EC2 Gets New Instances Spanning General and Big Data Workloads
Amazon Web Services (AWS) introduced a pair of new EC2 instance families this week at re:Invent 2017.
The new M5 instances are designed for general-purpose workloads that have higher performance requirements than the earlier "M" instances. Powered by custom Intel Xeon Platinum 8175M series processors, the M5 instances have a 14 percent better price-to-performance ratio per core than the M4, according to a blog post on Tuesday by AWS evangelist Jeff Barr.
There are six sizes in the M5 range. The smallest has 8GiB of RAM and supports two virtual CPUs (vCPUs) while the largest has 384GiB of RAM and support for 96 vCPUs. The full lineup is described in the table below:
The M5 instances are available in AWS' Northern Virginia, Oregon and Ireland regions, with more regions coming down the pipeline.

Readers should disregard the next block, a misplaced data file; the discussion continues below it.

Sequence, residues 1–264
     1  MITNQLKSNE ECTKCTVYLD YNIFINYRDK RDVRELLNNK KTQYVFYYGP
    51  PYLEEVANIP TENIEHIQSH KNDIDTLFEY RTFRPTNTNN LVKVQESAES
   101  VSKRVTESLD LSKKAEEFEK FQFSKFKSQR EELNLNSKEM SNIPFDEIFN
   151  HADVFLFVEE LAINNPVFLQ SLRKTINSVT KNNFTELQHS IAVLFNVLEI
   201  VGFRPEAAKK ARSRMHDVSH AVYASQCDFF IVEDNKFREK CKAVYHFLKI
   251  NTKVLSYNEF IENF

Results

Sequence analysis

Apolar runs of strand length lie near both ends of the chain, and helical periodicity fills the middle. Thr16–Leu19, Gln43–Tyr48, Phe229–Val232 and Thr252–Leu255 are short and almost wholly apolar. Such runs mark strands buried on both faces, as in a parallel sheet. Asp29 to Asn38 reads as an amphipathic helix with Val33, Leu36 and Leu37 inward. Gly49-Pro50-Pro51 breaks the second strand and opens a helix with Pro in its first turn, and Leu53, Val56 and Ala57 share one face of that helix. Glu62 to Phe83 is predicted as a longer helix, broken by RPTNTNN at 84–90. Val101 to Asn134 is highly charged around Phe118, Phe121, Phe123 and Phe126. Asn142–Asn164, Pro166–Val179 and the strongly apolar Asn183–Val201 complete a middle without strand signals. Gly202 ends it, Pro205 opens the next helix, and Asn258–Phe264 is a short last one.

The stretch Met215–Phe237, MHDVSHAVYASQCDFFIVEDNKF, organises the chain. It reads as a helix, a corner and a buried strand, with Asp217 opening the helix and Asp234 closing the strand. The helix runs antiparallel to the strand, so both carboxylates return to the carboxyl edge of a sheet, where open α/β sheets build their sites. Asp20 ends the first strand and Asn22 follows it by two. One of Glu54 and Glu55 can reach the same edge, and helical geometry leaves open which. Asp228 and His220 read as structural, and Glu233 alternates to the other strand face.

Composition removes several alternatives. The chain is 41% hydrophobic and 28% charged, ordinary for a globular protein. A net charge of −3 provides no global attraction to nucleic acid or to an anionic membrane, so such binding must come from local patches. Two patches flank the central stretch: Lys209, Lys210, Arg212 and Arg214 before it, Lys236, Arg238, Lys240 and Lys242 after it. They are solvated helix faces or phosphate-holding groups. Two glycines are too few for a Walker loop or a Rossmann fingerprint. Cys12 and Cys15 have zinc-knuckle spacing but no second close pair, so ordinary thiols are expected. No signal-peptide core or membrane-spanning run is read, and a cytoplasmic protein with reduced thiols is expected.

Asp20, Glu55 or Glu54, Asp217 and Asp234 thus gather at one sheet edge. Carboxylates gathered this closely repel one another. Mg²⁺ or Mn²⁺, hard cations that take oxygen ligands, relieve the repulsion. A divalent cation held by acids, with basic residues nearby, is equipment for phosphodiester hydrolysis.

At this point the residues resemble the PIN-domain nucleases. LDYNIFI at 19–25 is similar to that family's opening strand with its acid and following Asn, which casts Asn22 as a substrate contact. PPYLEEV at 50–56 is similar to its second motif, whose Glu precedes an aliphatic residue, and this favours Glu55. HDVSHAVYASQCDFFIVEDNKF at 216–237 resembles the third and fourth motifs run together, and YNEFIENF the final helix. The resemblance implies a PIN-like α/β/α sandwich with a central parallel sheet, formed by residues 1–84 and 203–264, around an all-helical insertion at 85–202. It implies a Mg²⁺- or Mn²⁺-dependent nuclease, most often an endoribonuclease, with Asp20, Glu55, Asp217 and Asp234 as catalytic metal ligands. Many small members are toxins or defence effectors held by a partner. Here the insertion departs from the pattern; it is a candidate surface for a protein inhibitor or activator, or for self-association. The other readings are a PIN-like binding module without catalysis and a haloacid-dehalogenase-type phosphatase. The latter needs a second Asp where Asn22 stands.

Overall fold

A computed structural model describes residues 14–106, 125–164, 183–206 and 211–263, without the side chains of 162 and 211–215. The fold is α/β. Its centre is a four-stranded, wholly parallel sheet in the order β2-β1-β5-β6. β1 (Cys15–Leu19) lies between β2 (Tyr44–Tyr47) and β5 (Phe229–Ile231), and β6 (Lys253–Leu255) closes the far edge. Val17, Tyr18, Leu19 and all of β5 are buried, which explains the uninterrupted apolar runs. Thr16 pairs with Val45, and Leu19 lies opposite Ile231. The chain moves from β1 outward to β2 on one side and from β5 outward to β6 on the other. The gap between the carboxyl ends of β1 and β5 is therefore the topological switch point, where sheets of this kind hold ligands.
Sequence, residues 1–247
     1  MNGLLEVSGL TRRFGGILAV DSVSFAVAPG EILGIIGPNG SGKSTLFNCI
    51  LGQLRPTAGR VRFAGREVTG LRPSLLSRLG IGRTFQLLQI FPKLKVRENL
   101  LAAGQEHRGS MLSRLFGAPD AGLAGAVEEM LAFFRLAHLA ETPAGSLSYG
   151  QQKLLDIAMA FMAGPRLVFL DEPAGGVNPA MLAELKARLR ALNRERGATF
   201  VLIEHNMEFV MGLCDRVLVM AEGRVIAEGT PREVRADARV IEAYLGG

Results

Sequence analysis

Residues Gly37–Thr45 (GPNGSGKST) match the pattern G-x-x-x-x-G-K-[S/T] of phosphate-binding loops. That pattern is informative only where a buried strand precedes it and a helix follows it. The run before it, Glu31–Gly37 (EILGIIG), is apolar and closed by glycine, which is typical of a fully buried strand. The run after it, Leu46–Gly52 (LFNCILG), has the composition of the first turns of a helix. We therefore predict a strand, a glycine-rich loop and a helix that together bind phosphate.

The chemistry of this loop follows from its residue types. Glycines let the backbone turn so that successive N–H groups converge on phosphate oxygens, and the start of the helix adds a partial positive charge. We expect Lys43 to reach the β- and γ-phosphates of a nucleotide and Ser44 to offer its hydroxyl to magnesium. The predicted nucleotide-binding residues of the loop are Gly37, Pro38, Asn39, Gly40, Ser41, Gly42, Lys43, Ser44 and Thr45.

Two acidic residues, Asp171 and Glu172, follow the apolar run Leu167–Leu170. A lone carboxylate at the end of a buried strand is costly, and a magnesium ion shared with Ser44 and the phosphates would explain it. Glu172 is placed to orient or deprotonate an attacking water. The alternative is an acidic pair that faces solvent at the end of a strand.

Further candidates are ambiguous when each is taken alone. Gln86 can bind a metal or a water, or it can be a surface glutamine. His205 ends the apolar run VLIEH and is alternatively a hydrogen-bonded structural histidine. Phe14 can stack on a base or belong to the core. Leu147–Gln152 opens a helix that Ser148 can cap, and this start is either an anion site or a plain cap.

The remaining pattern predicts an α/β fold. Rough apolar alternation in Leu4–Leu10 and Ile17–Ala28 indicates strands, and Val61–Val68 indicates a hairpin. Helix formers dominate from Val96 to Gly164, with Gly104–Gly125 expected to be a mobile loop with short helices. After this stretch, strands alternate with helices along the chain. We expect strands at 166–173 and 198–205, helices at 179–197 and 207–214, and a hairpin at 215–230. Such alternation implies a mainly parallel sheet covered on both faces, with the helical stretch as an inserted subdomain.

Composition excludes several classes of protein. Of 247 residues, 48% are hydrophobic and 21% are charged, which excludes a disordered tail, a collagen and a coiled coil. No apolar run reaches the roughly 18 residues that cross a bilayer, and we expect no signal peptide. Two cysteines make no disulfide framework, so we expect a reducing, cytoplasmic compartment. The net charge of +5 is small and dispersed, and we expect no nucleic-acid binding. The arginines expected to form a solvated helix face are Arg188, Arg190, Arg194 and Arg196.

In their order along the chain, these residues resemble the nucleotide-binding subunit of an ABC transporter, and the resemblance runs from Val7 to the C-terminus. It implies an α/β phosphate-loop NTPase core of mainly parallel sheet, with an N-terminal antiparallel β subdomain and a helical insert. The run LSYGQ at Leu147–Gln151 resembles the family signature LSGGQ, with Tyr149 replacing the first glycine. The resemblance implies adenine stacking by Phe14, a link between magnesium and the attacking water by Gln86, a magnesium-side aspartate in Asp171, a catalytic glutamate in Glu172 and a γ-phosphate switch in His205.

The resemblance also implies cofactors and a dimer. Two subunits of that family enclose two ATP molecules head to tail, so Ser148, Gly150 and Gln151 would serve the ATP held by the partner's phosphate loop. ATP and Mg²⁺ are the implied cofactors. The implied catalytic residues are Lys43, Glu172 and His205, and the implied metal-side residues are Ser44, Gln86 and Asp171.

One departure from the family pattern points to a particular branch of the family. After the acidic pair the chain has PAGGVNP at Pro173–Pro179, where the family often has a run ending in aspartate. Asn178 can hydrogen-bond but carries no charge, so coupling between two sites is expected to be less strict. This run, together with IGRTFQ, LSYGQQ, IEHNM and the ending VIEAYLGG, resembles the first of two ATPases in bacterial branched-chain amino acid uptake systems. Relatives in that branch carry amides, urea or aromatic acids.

On the other end of the spectrum, AWS also released a new instance family optimized for Big Data and dense storage called the H1.
Available in four sizes, as shown in the table below, the H1 family is designed for Big Data workloads such as "MapReduce clusters [and] host distributed file systems," Barr said in a separate post.
The H1 instances run on Intel Xeon E5-2686 v4 processors and "provide more vCPUs and more memory per terabyte of local magnetic storage, along with increased network bandwidth" compared to the earlier D2 dense-storage instances, according to Barr.
The H1 instances are supported in AWS' Northern Virginia, Oregon, Ohio and Ireland regions.
The release of the M5 and the H1 instances comes on the heels of the debut of the I3 instance, the first instance to leverage AWS' new bare-metal hypervisor, which was released as a public preview at re:Invent this week.
More from AWS re:Invent 2017:
Gladys Rama is the senior site producer for Redmondmag.com, RCPmag.com and MCPmag.com.